• Citizen Kane May 15, 2017 at 1:54 pm

      Agreed. But that does not mean that this should be lower.
      Rather, it speaks to how asinine the height limits at union station are. As a result we get the fetid piles of crap, err, unmitigated travesties of Alta and 1975 18th Street.
      The developers of those two projects have done the entire city a disservice and should be ashamed of themselves.

      • ChrisA May 15, 2017 at 2:29 pm

        Citizen Kane is right on here.

  4. JK May 15, 2017 at 2:04 pm

    Seems like they should be housing a casino in the base.

    • MP May 18, 2017 at 4:48 am

      Yeah, looks like it belongs in Reno.

  5. ohwilleke May 15, 2017 at 2:08 pm

    The visual impact is less great than I had expected.

  6. Landon May 15, 2017 at 5:44 pm

    for some reason i really like this structure. its huge!

  7. Ed M May 15, 2017 at 9:20 pm

    I agree with Matthew Grizzell. These massive buildings intimidate their neighbors and are a grossly out of scale, out of place apparition on the horizon when viewed from miles away. I can’t believe that this was allowed to happen. My opinion of planning in Denver will never be the same. The long east-west mass of these buildings does indeed foretell pretty tough winters in several blocks to the north.

    What a disgusting ploy that the podium mimics the original Country Club Gardens as if that somehow makes it a compatible neighbor to one of the nicest (formerly) apartment complexes in Denver.

  8. Jeff May 16, 2017 at 3:31 pm

    So much negativity against these two towers. Don’t forget we do live in a big city and we are going to get towers. To be honest I personally would love to live in this side of town and if I could ever convince my wife I wouldn’t mind one bit living in these towers.

    • ERomero May 17, 2017 at 2:33 pm

      Agreed. The towers are up, so we should be discussing the the exterior and facade at this point. I don’t understand why folks are still griping about whether or not these towers should be here or not – that was only a relevant topic way back on the announcement post.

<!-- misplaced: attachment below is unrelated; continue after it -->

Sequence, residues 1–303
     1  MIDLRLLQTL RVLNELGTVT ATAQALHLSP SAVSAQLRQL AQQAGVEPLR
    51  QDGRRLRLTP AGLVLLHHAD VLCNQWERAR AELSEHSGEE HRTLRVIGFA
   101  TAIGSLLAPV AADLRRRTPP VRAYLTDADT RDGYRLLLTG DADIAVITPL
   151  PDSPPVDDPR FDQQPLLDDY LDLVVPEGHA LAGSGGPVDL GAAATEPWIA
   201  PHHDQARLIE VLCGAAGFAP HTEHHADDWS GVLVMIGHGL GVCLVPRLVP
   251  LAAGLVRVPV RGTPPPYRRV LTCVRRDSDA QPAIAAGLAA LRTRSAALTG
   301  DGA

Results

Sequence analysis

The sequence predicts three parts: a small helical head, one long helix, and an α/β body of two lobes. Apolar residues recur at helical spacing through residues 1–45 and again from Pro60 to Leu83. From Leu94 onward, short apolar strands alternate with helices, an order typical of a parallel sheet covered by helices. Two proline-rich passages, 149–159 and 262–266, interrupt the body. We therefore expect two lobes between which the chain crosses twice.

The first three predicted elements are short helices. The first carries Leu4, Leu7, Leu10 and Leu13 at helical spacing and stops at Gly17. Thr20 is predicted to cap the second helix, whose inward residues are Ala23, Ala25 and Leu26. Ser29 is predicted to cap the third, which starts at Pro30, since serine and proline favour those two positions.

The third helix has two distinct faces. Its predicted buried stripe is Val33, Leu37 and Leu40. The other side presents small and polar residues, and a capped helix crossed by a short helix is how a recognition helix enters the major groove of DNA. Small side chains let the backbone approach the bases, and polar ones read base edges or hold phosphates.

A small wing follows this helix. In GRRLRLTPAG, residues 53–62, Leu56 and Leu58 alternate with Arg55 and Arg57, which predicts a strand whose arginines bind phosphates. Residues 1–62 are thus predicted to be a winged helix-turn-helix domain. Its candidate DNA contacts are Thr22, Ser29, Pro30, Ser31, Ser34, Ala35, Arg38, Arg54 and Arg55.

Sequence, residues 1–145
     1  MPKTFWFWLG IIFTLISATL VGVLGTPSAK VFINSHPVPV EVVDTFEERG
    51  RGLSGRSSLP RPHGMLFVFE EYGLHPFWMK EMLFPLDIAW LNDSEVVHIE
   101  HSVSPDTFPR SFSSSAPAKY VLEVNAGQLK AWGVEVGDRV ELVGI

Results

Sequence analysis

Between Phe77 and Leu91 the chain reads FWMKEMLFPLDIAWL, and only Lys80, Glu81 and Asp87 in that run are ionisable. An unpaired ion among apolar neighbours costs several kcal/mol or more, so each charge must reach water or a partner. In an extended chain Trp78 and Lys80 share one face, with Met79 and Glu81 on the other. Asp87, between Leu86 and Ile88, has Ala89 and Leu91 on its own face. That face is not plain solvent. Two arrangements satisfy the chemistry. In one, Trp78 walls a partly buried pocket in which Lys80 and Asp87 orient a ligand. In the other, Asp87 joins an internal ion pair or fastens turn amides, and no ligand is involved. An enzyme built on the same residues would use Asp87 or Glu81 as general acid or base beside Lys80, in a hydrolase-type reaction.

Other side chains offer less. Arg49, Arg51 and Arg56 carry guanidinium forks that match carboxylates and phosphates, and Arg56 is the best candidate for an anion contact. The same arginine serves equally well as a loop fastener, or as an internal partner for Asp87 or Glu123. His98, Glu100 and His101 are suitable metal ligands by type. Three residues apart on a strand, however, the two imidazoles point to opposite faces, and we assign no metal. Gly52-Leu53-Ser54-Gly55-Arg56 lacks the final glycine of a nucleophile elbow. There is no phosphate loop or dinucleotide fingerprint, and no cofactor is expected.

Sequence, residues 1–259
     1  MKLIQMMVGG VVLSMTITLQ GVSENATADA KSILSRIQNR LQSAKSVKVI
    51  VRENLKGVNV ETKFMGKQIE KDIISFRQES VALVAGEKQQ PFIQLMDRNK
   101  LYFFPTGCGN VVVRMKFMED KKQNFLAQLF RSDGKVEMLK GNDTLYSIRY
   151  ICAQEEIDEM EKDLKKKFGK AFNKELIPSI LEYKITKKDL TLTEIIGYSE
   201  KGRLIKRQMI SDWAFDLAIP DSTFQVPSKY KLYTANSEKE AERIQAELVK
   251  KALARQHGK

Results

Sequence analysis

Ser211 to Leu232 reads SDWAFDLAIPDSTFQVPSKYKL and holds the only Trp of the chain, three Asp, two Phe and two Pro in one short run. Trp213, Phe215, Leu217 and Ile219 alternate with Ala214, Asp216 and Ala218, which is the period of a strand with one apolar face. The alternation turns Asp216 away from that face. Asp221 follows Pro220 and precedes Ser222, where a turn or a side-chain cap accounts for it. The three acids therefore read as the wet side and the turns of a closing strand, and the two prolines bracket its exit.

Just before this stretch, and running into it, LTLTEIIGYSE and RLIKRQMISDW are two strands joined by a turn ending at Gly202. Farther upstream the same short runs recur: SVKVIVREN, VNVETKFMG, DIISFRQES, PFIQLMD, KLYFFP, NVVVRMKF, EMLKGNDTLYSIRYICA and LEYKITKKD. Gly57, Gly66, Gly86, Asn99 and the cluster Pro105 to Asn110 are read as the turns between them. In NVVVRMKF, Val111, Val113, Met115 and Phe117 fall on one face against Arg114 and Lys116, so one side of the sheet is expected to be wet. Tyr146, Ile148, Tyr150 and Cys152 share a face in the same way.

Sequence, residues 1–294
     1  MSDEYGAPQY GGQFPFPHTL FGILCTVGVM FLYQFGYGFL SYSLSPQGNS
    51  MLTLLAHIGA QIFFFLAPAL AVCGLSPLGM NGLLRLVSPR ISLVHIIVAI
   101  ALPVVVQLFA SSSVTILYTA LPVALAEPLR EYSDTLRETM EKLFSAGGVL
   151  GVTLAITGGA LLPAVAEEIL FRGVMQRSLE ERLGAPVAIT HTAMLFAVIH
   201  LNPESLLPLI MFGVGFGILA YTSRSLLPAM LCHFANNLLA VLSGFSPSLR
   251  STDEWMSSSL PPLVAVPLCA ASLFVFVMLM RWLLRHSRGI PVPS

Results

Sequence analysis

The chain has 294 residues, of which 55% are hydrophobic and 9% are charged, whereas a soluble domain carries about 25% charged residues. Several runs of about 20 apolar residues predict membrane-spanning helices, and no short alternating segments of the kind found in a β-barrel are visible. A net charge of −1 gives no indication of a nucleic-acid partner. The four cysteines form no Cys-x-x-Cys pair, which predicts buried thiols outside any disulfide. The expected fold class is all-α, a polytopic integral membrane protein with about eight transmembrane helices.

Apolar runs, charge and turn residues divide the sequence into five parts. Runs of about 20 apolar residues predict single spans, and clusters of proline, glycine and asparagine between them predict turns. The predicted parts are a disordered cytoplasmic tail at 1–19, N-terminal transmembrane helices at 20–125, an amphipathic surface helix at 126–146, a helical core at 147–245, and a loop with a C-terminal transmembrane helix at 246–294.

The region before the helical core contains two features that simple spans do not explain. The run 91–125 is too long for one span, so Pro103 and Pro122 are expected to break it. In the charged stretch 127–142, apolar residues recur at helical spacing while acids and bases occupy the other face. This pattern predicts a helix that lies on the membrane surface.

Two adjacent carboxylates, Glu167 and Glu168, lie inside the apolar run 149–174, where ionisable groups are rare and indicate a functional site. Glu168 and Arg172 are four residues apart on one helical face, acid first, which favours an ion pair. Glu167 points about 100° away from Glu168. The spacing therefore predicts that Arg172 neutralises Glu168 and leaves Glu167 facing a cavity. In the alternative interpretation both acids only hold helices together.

• Matthew Grizzell May 19, 2017 at 12:35 pm

      I don’t agree. The “big city” argument doesn’t mean that we have to settle for grotesquely massed leviathans that diminish the character of otherwise pleasant residential neighborhoods. Houston is a “big city,” too.

      This is the first post since the buildings final mass and facade are a constructed reality. I would argue that our (legitimate) gripes are now more relevant than ever.

      I have followed this blog for nearly a decade because it presents a forward looking view of urbanism. These towers miss the mark. There are moldering parking lots all over the place in various downtown neighborhoods better suited for towers.

  9. Ryan May 18, 2017 at 9:27 am

    They could build two-dozen more of these and it still wouldn’t satiate Denver’s totally warped housing market. You all DO realize there are more important things than having to shovel your sidewalk in a timely manner, right?

  10. Richard May 18, 2017 at 10:53 am

    Hey if any of the houses go up for sale south of these towers I would still buy one. Maybe I could even get a small “no sun in winter” discount and still be a half mile from Wash Park??

  11. Tony May 18, 2017 at 2:01 pm

    I love having these towers next to me! It’s super easy to tell people where I live when I can just point to them.